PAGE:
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Poker is a game of skill: is mutual fund management?

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This week, two fun Econ-Finance papers, both with a Chicago link.

First is Steven Levitt and Thomas Miles‘ analysis of whether poker is a game of skill:

Using newly available data, we analyze that question by examining the performance in the 2010 World Series of Poker of a group of poker players identified as being highly skilled prior to the start of the events. Those players identified a priori as being highly skilled achieved an average return on investment of over 30 percent, compared to a -15 percent for all other players. This large gap in returns is strong evidence in support of the idea that poker is a game of skill

It is a game of skill, they conclude. Read more here.

Next the famous FamaFrench duo ask the same question of mutual fund management. They find [drumroll] there is a bit of evidence for skill (and its opposite) in the extreme tails of the distribution:

The aggregate portfolio of actively managed U.S. equity mutual funds is close to the market portfolio, but the high costs of active management show up intact as lower returns to investors. Bootstrap simulations suggest that few funds produce benchmark-adjusted expected returns sufficient to cover their costs. If we add back the costs in fund expense ratios, there is evidence of inferior and superior performance (nonzero true α) in the extreme tails of the cross-section of mutual fund α estimates.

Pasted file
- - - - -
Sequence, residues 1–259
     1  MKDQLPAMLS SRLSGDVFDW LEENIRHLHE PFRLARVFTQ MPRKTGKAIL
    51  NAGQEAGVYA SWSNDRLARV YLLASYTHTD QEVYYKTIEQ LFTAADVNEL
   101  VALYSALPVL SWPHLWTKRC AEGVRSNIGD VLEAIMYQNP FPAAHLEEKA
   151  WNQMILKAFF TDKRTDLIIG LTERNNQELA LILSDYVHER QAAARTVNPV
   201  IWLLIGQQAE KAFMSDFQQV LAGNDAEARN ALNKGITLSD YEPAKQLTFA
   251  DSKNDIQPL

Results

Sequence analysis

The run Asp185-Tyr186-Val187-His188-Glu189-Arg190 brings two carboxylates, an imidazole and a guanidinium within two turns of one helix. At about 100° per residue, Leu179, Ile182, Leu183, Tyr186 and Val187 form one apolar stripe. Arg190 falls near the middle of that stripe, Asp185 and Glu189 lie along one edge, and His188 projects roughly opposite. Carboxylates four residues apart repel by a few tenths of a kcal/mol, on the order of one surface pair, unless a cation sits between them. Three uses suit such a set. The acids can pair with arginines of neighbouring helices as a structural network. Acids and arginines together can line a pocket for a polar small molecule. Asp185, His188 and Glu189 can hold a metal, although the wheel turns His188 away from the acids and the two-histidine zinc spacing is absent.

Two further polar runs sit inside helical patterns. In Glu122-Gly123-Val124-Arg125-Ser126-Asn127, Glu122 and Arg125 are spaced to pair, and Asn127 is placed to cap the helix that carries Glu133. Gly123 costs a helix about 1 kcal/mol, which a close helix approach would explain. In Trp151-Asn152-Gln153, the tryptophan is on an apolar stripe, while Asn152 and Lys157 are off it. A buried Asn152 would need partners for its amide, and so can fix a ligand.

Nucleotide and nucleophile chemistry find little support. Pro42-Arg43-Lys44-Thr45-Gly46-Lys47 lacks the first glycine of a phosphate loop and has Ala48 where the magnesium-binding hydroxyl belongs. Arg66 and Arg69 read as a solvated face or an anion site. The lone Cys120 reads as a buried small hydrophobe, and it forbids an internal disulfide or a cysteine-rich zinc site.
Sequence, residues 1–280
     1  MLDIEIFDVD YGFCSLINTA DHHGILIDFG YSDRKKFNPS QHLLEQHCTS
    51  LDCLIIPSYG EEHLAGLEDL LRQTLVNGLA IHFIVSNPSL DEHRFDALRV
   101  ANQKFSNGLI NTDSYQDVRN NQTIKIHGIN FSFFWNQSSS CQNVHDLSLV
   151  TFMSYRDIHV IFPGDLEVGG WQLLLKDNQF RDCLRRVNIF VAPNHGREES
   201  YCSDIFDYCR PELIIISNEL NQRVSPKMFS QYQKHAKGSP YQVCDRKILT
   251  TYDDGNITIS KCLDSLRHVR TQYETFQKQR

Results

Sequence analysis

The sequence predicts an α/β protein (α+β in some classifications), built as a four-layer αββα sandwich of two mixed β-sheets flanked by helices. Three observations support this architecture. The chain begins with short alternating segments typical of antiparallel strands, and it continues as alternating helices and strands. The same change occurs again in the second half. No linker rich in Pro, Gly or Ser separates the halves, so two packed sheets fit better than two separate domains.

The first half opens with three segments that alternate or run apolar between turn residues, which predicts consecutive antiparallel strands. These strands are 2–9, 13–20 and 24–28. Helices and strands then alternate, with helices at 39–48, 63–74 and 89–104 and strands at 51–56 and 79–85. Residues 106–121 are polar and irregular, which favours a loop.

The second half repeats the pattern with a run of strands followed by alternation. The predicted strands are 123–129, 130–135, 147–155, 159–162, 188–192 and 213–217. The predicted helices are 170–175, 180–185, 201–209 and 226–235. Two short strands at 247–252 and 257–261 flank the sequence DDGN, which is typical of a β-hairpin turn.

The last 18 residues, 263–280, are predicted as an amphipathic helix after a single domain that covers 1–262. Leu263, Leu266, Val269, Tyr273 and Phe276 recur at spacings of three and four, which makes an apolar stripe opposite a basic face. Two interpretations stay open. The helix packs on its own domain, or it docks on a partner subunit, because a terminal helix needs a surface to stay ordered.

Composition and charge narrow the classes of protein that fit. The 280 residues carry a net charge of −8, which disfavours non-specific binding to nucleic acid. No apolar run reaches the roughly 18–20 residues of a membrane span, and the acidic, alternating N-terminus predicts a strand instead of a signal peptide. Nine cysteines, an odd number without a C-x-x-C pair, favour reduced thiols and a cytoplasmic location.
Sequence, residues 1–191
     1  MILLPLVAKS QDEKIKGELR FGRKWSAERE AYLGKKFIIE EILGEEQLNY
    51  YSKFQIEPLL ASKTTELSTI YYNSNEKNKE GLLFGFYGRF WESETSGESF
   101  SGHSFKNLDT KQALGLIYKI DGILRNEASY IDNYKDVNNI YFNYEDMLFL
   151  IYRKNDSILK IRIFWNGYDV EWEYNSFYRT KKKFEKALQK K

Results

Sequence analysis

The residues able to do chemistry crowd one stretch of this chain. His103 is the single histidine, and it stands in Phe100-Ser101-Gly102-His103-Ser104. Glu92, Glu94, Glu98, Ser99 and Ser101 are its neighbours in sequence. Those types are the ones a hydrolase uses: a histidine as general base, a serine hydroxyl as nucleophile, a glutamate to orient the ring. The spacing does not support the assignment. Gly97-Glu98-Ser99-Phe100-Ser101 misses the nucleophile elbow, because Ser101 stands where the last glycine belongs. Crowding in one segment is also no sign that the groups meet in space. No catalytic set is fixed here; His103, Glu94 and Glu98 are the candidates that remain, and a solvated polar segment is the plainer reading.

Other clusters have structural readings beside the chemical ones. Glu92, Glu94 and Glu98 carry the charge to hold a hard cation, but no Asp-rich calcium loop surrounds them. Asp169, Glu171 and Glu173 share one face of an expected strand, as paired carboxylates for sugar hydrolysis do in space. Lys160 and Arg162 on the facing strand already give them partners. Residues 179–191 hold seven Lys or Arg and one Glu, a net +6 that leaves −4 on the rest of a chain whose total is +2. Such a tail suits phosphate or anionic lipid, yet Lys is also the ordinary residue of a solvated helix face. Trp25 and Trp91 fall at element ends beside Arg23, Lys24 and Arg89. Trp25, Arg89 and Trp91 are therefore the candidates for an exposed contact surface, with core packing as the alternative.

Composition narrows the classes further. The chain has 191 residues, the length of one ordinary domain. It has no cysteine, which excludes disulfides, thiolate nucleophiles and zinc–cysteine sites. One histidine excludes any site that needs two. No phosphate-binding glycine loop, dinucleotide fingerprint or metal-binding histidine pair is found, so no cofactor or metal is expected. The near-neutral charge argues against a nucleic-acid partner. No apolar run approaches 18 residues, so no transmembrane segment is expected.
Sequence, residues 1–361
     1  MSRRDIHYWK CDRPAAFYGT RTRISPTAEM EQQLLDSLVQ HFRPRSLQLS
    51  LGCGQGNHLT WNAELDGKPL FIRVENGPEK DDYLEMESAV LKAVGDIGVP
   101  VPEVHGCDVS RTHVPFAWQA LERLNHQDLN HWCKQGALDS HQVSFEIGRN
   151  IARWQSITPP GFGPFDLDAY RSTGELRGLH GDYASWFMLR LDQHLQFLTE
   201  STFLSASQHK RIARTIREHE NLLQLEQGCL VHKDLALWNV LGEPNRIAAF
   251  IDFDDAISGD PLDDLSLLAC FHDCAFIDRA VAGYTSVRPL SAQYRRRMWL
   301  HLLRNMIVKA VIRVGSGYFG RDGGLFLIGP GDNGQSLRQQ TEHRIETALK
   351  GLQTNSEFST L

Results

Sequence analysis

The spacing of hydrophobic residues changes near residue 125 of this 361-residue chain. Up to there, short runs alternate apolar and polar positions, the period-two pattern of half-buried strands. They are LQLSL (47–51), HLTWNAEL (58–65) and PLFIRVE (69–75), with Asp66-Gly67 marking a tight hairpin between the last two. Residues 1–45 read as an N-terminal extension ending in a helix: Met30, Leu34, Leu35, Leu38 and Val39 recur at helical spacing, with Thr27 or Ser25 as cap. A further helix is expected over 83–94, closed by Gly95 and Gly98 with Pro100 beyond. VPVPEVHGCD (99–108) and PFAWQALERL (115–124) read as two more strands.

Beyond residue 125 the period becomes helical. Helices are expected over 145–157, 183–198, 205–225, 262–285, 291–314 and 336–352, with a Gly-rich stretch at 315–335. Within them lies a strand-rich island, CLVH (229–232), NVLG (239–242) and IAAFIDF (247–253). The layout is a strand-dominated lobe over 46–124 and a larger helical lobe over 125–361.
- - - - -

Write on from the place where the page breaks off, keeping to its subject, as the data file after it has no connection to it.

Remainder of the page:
However, they wouldn’t advise trying to find a top manager over passive indexing:

In other words, going forward we expect that a portfolio of low cost index funds will perform about as well as a portfolio of the top three percentiles of past active winners, and better than the rest of the active fund universe.


Levitt Steven D. and Thomas J. Miles. (2011). The Role of Skill Versus Luck in Poker: Evidence from the World Series of Poker, NBER Working Paper No. 17023. [link]

Fama, Eugene, F. and Kenneth R. French (2010) Luck versus Skill in the Cross-Section of Mutual Fund Returns. The Journal of Finance, LXV(5). [link]

Photo credit: http://www.flickr.com/photos/vizzzual-dot-com/2655969483/


  1. Pat Burns says:

    There are much more powerful ways of distinguishing skill from luck than the method that Fama and French used. See for instance Finding good active managers.

    October 17, 2011 @ 4:11 am

  2. Poker is a game of skill: is mutual fund … – Decision Science News says:

    […] example here: Poker is a mettlesome of skill: is shared money … – Decision Science News Share and […]

    October 17, 2011 @ 5:44 am

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